The Sunscreen Project, Part 13.2 (further updated articles)

/ Sunday, March 31, 2013 /
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For those who are both new readers and as a review for my old readers, all of my posts of Part 13 of The Sunscreen Project are knowledge articles, meaning they give advice on what kinds of sunscreens to look for, what kinds of ingredients to watch out for, etc.

Thus, in this edition, I will talk about what kinds of ingredients to avoid and give evidence as to why one should. Also, I will give recommendations for what kinds of ingredients to look for and why.

As usual, the articles that I cite will be listed at the end of this post. I will not be reviewing any scientific articles and their conclusions; I will just give facts and advice. One who would like to see reviews of articles, primary research, and their results should go to the reference articles I list.

Note: If you are new to this site and are a beginner in learning about sunscreen and/or are not a particularly sciency-type person, I would suggest you to start with the first Part 13 post of the Sunscreen Project (you can find this under the "The Sunscreen Project" tab at the top of this page). Each addendum adds on to the previous articles. This section is geared to be slightly more sunscreen-aficionado geared (i.e. will be more specific and detail-based).

Without further ado, here are Chemicals to think about:

Contraindications w/ avobenzone and octinoxate:

  • A combination of octinoxate degrades avobenzone via a chemical mechanism involving alkenes and cinnamates
  • Some companies try to minimize this effect by adding in stabilizers such as octocrylene. However, octocrylene isn't completely effective
  • Bottom line, there's still research going on in this field. For now it's best to be safe by choosing products that don't contain octinoxate and avobenzone together.

Zinc oxide vs. Titanium Dioxide (ZnO vs TiO2):

  • The two most popular inorganic sunscreen active ingredients that are approved for use by the US FDA in the United States are zinc oxide and titanium oxide. 
  • Of these two ingredients, zinc oxide provides more comprehensive coverage of UVA and UVB rays, and is less photoreactive and toxic than TiO2.
  • Recommendation: choose products that contain ZnO over those with TiO2.

  • Oxybenzone is a US FDA approved product for protection against UVB rays. It was first approved in the 1970s.
  • Recent studies by the US Center for Disease Control (CDC) have found that in laboratory settings, oxybenzone has been linked to "allergies, hormone disruption, and cell damage." It's even been shown to be linked to low-birth weight in baby girls. Definitely not so cool.
  • Bottom line? The thing is that the studies on "allergies, hormone disruption, and cell damage" were done on murine (mouse models) and rat models. Inherently, mouse and rat skin is a lot more sensitive than human skin. Therefore, the results have to be taken with a grain of salt when applying them to human skin. However, it is probably safer to not use products with oxybenzone on babies.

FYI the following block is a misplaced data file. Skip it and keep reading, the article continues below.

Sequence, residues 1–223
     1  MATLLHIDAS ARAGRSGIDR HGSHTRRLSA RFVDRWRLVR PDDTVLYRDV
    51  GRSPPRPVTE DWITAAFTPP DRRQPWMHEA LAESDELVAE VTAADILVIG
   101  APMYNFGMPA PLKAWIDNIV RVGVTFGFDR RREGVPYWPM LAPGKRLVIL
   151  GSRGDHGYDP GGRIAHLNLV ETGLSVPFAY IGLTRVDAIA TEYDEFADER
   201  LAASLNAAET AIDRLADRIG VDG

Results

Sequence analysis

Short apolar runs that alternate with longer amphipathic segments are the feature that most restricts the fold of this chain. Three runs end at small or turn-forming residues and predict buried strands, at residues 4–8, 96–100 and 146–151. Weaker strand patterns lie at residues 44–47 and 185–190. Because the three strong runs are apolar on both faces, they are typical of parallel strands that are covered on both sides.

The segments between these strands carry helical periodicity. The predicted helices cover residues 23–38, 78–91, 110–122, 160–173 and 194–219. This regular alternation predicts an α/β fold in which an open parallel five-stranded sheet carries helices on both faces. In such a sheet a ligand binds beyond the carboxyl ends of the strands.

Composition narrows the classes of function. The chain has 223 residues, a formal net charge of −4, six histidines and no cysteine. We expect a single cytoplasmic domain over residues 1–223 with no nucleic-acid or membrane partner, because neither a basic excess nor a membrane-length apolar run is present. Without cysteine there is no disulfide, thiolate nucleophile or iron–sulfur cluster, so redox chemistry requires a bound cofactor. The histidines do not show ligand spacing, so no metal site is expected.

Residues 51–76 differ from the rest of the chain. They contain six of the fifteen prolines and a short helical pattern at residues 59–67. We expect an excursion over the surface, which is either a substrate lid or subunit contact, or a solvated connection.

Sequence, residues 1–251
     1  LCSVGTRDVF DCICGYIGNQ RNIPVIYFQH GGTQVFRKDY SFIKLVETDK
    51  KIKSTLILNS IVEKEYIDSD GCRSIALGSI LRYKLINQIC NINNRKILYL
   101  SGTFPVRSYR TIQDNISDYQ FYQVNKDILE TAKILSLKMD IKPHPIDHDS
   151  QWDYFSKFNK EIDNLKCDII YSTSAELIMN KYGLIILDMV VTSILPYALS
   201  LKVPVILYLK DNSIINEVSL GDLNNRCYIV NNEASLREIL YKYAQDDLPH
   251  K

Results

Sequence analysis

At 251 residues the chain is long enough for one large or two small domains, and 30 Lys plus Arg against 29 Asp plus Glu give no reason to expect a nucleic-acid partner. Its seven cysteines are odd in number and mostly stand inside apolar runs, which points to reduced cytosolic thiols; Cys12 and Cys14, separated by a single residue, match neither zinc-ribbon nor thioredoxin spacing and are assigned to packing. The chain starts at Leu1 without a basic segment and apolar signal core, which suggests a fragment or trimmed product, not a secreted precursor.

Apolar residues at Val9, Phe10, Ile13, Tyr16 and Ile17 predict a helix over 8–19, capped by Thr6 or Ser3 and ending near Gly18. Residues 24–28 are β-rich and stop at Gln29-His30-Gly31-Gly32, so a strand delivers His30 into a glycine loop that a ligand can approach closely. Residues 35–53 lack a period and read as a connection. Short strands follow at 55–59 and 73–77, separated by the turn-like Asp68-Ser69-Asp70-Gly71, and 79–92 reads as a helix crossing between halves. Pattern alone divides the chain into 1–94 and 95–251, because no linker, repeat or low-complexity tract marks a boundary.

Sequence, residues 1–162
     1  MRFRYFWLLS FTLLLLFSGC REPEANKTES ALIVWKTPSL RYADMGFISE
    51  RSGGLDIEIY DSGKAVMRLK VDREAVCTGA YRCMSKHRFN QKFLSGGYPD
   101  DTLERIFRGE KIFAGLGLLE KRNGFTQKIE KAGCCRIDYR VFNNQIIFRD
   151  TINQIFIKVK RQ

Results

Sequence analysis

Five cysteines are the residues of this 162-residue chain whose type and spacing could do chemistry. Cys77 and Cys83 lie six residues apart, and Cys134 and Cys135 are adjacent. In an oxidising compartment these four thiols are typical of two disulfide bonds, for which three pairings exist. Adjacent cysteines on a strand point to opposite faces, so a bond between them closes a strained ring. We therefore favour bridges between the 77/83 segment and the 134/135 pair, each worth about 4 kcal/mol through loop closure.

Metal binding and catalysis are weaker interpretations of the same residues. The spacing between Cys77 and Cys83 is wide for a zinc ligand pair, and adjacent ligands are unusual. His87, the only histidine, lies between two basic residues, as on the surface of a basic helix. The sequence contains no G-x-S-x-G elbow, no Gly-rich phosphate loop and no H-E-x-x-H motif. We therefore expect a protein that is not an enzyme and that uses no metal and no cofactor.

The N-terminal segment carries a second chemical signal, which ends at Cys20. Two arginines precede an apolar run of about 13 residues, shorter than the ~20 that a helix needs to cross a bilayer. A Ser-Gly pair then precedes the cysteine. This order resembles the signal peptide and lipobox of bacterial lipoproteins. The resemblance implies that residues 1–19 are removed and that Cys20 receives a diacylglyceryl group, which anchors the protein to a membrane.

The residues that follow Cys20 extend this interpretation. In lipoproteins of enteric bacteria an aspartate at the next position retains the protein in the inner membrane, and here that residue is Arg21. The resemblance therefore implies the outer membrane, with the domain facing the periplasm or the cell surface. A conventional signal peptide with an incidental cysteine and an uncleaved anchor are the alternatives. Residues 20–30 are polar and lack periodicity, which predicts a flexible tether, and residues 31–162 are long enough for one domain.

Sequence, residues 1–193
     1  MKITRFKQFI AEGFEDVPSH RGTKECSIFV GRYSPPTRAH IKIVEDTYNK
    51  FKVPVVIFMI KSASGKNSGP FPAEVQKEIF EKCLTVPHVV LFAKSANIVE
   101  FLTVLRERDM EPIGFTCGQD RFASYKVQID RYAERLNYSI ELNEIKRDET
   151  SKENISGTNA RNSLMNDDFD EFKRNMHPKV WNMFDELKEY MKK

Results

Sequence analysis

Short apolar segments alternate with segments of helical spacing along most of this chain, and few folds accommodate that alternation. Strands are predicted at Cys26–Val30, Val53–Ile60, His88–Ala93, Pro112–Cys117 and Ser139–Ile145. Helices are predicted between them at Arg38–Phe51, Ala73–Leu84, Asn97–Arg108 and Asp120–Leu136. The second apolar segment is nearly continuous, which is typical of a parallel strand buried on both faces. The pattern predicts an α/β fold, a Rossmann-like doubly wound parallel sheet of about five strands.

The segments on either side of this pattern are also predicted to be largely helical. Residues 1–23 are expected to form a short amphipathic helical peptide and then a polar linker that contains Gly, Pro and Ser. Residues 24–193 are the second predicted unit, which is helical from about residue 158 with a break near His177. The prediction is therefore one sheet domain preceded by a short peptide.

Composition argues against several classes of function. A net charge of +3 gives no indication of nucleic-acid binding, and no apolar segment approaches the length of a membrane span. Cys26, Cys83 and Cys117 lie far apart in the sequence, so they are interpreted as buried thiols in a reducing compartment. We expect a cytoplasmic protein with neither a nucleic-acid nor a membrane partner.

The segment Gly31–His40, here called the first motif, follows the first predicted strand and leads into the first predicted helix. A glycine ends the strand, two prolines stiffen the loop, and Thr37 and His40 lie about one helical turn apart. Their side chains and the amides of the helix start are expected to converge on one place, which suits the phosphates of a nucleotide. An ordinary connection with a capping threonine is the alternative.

Retinyl palmitate:
  • Retinyl palmitate is a form of Vitamin A that is found in many sunscreens. It is often recommended by dermatologists as an anti-aging factor.
  • In 2010, studies conducted by the Environmental Working Group proposed that this ingredient may increase the risk of skin cancer. However, this was done in murine models. Once again, since murine and human skin are different in many ways, conclusions must be applied with a grain of salt when looking at human skin.
  • A 2011 study published in the Journal of the American Academy of Dermatology disproved the EWG's results, suggesting that retinyl palmitate is actually safe.
  • Bottom line? If you are extra scared, don't get sunscreens with retinyl palmitate. However, products with it shouldn't be too bad.

Overall thoughts:

  • The thing is that a lot of these chemicals were tested in a lab and not actually on people. Also, a lot of these chemicals were tested in ways that were not taking into account their interactions with other ingredients that are in the sunscreens themselves. Think lack of accounting of synergistic effects of other ingredients.
  • Fear also plays a factor here: think about all of the hype we hear about on the news. Some stabbing, some shooting, some poisoning, some threat out in in "foreign waters", etc. Very little portrayed news shows all sides of the story - often times, it is just the sensational parts that are published. Don't get sucked in - research all parts of the story before making conclusions.
With these factors in mind, here are the sunscreens that I've previously reviewed that people who are worried about these factors may want to think about:

John Su - Futurederm: Toxicity of Inorganic vs Organic Sunscreen Ingredients
John Su - Futurederm: How does Octinoxiate Degrade Avobenzone?

Oxybenzone problems:

The Daily Green
The Environmental Working Group
US Health News

Retinyl palmitate:

The Daily Green
US Health News

Lent is over

/ /
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I gave up blogging on VitaminCGoodness, but I'm back!!!

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Anyway, so reviews, thoughts, and meaderings on skincare and beauty products resume =D


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